Chief Minister says the law was not in panel mandate

Members of the Oommen V. Oommen panel, which has come under fire for its recommendation to abolish the Ecologically Fragile Land (EFL) legislation, defend their decision even as Chief Minister Oommen Chandy says the law had been not been in the panel’s mandate.

The panel recommended that the Kerala Forest (Vesting and Management of Ecologically Fragile Lands) Act be scrapped so that no landholding is taken over in future. The legislation, it said, had achieved its legal goals and let the courts decide on the pending cases.

Mr. Chandy informed the Assembly on Monday that the law was not in the mandate of the panel, which was constituted for suggesting measures to alleviate the fears of people over the implementation of the K. Kasturirangan committee report on the Western Ghats.

The Chief Minister’s statement has provided enough ammunition to those who oppose the views of the panel.

Dr. Oommen said the report reflected the sentiments of the people.

He said many feared that their holdings would be taken over by the government after ecologically sensitive area (ESAs) were notified as recommended by the Kasturirangan committee. They feared that ESAs would later be converted into EFL.

The Chief Minister was correct in stating that the EFL law was not in the mandate of the panel. The committee did not intentionally overstep its mandate, but was reflecting the concern of the masses. The government could decide on the recommendations of the panel, Dr. Oommen said.

Apprehensions

P.C. Cyriac, a member of the panel, said that people disbelieved the government on the EFL issue and issue of title deeds. There was general apprehension that the government would eventually take over the land after declaring it ESA. There had been a disconnect between the government and the people over the issue for some time.

He said the committee had been asked to look into the grievances of the people following the recommendations of the Kasturirangan committee report and suggest mitigation measures. The recommendations against the EFL law were justified as the panel was suggesting a mitigation measure for the fears expressed by the people.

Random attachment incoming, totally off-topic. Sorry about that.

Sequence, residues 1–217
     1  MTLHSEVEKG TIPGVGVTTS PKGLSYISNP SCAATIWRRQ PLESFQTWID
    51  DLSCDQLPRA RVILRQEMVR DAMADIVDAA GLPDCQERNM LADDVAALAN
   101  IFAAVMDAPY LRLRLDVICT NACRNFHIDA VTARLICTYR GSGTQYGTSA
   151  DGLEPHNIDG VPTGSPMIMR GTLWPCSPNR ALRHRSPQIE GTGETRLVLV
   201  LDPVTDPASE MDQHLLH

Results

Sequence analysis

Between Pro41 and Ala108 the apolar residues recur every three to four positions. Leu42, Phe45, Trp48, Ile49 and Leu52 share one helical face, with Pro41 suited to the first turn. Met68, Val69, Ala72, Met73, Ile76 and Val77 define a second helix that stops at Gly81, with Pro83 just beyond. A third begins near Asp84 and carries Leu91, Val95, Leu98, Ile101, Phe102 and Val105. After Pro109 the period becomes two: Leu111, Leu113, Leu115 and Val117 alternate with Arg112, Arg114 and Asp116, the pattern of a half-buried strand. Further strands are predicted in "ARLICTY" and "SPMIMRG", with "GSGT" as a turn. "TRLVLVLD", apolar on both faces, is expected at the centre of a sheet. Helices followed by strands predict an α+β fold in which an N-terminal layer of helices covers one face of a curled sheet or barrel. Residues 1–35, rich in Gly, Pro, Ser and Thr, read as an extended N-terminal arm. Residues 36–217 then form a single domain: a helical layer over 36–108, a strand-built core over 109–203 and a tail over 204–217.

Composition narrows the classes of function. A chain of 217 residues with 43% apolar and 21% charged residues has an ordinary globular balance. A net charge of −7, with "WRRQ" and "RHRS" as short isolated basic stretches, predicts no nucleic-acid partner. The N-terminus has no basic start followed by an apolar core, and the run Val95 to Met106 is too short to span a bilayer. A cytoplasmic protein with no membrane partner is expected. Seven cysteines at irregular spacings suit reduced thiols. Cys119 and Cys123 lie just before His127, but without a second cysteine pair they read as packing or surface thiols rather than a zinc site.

V.N. Rajasekharan Pillai, member of the panel, had early publically stated that the EFL law was not in the mandate of the committee. However, when contacted,

Dr. Rajasekharan Pillai said he stood by the collective decision and the recommendations of the panel.

Resignation demanded

T.N. Pratapan, MLA, demanded the resignation of Mr. Oommen as Chairman of the Kerala State Biodiversity Board for the committee’s views on the EFL law. Only those committed to protecting biodiversity, spreading environment awareness and respecting the law can hold the post, he said in a letter to the Chief Minister.

Mr. Pratapan, who took up the issue with the Chief Minister on Monday, demanded that the panel’s report be scrapped.

V.S. Vijayan, former Chairman of the board, felt it was inappropriate for a panel headed by the board’s Chairman to give a recommendation against the EFL law. If implemented, the report would lead to releasing of large tracts of ecologically fragile land to mindless exploitation. The recommendations would help only those owning big holdings. The panel went out of the way to protect the interest of owners of large holdings.

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